Tips for making an insurance claim

Bushfire Image by MarkJToomey from Pixabay

In the aftermath of the many recent catastrophic weather events that have impacted the ACT and NSW, insurers have experienced a surge in claims. We hope that this guide will provide you with some assistance in navigating this area if you have suffered damage as a result of a weather event, injury, accident or other circumstance.


Review your policy documents

Your claim will be determined by the terms and conditions of
your insurance policy. Accordingly, a good place to start when making a claim
is to review your policy and check that the loss you have suffered is covered
by your policy.

Often, the policies are written in language that is
difficult for a lay-person to understand, so it can sometimes take some time to
navigate the numerous “exclusions” in your policy that limit its scope.

Minimise the damage

Sometimes, your claim can be impacted by whether or not you have taken measures to minimise the damage you have suffered. You should attempt to mitigate your loss by, for example, turning off your water supply, covering or sealing broken windows or roofing or removing undamaged possessions. However, buildings damaged by events such as floods and fires can pose serious dangers, so make sure that it is safe to enter prior to attempting to minimise the damage.

Contact your insurer and other relevant bodies

It is important that you notify your insurer as soon as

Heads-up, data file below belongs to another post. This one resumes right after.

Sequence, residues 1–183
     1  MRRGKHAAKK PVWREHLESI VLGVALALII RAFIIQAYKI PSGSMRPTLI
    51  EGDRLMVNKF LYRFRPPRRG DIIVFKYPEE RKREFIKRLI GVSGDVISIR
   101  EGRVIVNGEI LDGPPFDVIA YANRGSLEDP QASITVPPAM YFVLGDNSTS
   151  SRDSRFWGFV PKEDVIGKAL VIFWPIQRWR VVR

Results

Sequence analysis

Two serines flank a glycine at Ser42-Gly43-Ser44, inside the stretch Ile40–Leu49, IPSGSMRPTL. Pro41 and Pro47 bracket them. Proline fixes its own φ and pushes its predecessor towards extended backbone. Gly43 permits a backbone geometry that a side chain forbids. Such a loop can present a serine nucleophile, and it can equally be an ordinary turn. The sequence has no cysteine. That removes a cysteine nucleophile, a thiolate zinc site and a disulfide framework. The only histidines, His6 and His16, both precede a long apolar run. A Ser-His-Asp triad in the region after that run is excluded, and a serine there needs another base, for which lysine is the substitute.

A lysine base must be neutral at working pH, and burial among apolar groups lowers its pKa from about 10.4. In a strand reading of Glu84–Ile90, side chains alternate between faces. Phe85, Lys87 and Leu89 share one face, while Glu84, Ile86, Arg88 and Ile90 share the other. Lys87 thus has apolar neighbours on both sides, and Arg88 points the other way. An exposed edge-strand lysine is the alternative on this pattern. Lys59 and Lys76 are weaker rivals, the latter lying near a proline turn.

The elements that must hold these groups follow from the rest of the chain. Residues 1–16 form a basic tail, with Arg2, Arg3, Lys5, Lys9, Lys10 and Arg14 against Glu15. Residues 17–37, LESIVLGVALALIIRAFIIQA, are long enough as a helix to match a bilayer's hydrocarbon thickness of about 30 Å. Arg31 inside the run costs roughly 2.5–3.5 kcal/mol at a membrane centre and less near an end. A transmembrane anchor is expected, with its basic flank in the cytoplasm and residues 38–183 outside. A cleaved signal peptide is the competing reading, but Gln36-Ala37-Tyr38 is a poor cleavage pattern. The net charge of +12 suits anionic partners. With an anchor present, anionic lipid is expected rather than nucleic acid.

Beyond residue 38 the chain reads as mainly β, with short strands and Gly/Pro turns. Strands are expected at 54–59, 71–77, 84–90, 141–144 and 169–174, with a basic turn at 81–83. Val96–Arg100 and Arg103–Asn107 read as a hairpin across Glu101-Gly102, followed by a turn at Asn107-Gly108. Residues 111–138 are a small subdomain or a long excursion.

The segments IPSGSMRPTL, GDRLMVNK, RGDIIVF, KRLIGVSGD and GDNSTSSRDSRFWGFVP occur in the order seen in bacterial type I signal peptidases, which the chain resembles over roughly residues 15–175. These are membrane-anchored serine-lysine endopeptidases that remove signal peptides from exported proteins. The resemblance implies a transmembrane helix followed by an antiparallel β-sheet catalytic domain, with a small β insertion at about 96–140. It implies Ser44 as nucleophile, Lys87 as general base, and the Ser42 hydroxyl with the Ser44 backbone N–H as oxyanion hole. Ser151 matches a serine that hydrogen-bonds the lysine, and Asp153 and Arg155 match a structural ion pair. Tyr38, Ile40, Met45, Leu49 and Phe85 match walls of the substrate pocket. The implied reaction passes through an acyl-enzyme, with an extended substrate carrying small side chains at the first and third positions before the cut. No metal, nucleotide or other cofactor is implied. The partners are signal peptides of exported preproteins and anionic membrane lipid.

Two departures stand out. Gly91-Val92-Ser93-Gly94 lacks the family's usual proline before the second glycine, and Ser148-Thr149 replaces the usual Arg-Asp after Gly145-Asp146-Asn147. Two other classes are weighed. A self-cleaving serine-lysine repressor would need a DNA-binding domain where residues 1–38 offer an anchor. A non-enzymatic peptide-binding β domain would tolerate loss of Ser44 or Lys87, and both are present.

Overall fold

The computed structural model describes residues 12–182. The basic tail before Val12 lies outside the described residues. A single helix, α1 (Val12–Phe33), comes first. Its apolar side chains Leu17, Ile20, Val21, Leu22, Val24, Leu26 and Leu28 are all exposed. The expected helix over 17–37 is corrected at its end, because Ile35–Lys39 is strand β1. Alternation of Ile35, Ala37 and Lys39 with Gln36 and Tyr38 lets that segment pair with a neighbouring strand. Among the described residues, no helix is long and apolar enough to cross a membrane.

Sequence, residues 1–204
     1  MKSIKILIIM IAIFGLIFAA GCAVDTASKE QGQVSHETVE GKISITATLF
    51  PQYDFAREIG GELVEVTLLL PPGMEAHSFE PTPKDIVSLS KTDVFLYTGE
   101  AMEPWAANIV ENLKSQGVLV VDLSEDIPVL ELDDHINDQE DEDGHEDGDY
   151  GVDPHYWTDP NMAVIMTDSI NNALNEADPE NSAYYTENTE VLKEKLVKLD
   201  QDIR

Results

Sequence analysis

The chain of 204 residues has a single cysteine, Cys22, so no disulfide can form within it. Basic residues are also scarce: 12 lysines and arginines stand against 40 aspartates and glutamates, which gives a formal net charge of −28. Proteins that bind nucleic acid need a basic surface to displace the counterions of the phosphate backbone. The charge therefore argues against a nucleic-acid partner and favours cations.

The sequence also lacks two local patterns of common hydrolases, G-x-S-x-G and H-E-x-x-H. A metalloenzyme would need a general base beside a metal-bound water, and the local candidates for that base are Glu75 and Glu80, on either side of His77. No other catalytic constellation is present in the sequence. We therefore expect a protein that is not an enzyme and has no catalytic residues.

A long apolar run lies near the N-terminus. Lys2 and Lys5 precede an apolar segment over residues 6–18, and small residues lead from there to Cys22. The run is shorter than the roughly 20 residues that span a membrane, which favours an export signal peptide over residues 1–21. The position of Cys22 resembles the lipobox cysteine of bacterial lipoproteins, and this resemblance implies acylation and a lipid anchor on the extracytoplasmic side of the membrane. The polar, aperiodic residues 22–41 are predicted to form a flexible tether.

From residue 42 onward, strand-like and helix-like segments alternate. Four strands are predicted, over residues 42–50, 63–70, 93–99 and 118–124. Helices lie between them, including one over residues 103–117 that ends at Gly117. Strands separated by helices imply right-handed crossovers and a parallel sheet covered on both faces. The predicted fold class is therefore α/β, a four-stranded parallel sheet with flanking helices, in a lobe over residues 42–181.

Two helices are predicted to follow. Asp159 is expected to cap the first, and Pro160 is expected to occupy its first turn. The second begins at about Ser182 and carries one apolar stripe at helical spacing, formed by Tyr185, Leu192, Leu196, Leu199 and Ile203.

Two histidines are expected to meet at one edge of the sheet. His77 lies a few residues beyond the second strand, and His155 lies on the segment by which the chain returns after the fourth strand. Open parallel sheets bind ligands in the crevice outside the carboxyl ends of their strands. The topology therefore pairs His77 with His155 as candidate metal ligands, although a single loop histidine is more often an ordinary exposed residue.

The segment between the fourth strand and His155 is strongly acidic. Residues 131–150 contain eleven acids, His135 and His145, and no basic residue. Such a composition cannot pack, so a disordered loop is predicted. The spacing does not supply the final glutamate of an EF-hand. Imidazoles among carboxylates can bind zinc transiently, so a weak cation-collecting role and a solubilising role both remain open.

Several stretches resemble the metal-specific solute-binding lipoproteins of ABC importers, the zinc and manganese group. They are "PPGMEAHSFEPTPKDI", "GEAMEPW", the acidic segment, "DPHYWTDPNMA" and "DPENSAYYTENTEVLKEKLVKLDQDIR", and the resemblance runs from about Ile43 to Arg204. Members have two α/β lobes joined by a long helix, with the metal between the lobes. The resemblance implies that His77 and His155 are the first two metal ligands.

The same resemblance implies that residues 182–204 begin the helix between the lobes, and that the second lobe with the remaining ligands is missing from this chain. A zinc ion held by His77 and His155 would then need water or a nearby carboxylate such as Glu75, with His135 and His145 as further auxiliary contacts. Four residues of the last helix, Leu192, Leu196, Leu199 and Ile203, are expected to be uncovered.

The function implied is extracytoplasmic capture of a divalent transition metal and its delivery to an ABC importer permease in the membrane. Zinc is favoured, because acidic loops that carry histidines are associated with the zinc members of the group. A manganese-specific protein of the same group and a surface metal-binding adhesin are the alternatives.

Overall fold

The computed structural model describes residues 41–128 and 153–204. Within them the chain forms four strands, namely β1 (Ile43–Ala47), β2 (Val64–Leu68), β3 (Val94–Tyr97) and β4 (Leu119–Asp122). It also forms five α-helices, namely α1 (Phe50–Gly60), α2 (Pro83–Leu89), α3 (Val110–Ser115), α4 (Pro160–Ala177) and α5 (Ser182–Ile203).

possible after the event has occurred. They will be of some assistance in
guiding you through the claim process.

If the loss/damage is the result of a criminal act such as
burglary, arson, theft or vandalism, you should also notify the police as soon
as possible. Ensure that you request a copy of the police report as well as the
police report number, because this will be relevant to include in your
insurance claim.

Depending on your insurance policy, there may be some
requirements in relation to timeframes for notification. For example, if the
loss/damage is the result of a criminal act, if it common for there to be a
requirement that you make a police report within 24 hours, and notify the
insurer within 48 hours of the police report. Make sure that you check your
policy to be aware of any relevant time limitations.

Keep detailed records

Often, accidents, injuries and disasters are very stressful
events. In the immediate aftermath, you might experience shock, stress and a
range of emotions. This can sometimes have an impact on your ability to
remember things clearly or think logically, which are two skills that insurance
claims require. Because of this, you should try to keep detailed records of the
insurance process, in the event that your memory fails or you require proof
that you were told something. This could include making a written record of
what happened as soon as possible after the event, or taking photographs and/or
video footage of any damage.

It is also especially important to keep track of your communications
with the insurer. We recommend following up phone calls with an email, and if
in doubt, rephrasing something you have been told to confirm that your
understanding is correct. It pays to be meticulous, so make sure that you have
a paper trail to evidence discussions had between you and the insurer and